cms or wiki (1)

crowne (1375197) | about 4 years ago | (#33899866)

AFAIK Confluence is open source but not free, I recall Atlassian providing source code with their enterprise licences. I'm completely unfamiliar with Plone, but I've investigated a fair number of Wiki's and CMS's. From what I learned a while ago when looking into this, there is a distinction between a wiki and CMS, with CMS being a bit more complex. One of the basic CMS requirements was workflow publishing, i.e. content is changed but not made available for public consumption until the necessary parties had reviewed and authorised it. I was very impressed with XWiki [xwiki.org] and Alfresco [alfresco.org]

FSF has a great page of testimonies (3, Informative)

ciaran_o_riordan (662132) | about 4 years ago | (#33899894)

This gets much less attention than it deserves:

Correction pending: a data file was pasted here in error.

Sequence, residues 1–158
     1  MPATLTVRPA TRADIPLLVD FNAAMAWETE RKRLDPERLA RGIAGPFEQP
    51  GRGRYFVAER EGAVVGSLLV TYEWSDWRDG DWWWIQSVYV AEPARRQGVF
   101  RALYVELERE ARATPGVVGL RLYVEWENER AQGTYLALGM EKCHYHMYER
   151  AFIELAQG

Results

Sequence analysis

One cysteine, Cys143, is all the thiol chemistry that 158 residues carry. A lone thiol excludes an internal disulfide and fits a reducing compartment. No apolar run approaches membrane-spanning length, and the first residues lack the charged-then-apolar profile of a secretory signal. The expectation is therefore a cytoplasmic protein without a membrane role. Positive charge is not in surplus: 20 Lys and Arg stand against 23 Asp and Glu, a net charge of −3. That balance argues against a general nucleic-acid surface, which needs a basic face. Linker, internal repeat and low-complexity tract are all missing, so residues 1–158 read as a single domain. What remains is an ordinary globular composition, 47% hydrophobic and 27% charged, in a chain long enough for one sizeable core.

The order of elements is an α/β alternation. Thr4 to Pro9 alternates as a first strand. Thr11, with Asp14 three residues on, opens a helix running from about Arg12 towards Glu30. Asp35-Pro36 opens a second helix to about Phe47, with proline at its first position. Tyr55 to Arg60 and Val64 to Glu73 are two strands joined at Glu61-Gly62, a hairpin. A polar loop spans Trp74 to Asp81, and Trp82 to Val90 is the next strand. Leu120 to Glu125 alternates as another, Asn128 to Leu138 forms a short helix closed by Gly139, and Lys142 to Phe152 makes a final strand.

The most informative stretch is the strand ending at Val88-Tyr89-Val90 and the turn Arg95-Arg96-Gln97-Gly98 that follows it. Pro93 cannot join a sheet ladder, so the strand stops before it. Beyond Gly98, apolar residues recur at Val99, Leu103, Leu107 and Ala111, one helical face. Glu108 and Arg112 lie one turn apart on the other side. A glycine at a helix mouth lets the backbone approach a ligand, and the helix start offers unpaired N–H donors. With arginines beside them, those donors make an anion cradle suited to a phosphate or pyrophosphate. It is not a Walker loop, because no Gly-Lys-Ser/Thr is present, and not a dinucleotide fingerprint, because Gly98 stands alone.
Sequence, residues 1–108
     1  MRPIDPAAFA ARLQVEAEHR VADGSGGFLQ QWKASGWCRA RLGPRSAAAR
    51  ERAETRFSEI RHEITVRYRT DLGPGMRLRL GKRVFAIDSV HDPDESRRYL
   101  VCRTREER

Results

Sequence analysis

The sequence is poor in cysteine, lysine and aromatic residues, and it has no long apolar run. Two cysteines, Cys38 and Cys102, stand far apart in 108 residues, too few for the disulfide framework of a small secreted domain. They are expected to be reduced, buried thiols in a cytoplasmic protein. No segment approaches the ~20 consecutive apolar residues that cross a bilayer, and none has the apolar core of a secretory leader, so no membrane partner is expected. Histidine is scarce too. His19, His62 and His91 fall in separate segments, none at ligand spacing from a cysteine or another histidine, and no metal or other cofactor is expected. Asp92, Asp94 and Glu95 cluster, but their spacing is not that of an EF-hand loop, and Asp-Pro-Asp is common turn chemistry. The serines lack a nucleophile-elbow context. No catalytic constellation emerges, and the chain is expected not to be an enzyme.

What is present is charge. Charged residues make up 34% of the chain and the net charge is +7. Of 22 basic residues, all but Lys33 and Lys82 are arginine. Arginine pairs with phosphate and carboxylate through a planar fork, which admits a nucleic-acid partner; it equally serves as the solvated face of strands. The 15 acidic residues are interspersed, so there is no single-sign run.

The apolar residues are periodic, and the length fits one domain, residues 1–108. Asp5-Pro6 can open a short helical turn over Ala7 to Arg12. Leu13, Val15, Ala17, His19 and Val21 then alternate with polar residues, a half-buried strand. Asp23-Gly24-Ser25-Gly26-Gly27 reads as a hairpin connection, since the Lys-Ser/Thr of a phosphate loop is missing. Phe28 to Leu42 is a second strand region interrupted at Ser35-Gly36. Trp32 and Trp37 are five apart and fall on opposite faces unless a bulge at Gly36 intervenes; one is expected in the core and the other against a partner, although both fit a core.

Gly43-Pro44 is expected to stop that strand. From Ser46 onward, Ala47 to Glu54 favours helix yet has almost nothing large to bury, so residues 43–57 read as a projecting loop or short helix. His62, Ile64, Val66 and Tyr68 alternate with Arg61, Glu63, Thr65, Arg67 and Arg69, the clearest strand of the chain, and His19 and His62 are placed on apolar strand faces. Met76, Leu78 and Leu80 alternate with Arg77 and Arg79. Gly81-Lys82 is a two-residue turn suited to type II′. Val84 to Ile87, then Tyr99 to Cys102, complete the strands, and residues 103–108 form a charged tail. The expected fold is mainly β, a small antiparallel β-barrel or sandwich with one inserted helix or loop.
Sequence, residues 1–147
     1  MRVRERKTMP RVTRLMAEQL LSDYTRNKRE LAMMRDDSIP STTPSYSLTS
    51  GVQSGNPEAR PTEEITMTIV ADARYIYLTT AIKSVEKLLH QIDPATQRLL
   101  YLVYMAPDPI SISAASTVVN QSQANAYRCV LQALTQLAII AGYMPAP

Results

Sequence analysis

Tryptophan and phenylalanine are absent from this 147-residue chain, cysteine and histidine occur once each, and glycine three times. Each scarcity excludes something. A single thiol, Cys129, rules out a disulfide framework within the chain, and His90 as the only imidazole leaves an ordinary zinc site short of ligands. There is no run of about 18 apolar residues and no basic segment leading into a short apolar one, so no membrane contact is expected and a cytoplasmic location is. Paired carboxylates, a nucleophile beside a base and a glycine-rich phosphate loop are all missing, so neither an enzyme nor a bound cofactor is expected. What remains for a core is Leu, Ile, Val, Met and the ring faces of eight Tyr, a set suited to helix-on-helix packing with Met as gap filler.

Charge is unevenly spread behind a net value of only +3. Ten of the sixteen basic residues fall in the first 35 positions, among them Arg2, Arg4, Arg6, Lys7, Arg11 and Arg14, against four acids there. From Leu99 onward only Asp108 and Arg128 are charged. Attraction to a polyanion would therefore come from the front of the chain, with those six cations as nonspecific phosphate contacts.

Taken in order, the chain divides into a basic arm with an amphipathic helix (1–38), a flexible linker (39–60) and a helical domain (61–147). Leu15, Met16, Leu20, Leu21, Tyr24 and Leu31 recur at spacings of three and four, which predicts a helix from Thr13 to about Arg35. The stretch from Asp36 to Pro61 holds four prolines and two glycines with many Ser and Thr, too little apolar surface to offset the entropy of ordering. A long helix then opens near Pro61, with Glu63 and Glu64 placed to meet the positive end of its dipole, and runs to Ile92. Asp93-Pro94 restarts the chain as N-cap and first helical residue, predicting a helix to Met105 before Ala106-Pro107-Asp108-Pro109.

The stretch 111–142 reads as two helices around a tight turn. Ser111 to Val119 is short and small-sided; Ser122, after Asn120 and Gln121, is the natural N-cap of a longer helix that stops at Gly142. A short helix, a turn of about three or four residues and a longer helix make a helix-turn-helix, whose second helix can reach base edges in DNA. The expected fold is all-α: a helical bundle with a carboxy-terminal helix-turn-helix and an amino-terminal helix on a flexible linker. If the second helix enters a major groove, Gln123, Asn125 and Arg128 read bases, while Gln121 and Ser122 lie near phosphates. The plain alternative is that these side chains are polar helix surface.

http://www.fsf.org/working-together/whos-using-free-software [fsf.org]

Testimonies from Cern, NYSE, the EU, Wikipedia, and the US Department of Defense, plus another page of testimonies from individuals:

http://www.fsf.org/working-together/profiles/meet-the-free-software-community [fsf.org]

Re:FSF has a great page of testimonies (1)

davev2.0 (1873518) | about 4 years ago | (#33900142)

This is not what one would need to convince a good manager. One needs a few good case studies. Testimonials are only good if they are from a business that is almost exactly the same as the business for which one works.

Other FOSS Options (1)

Phoenix666 (184391) | about 4 years ago | (#33899898)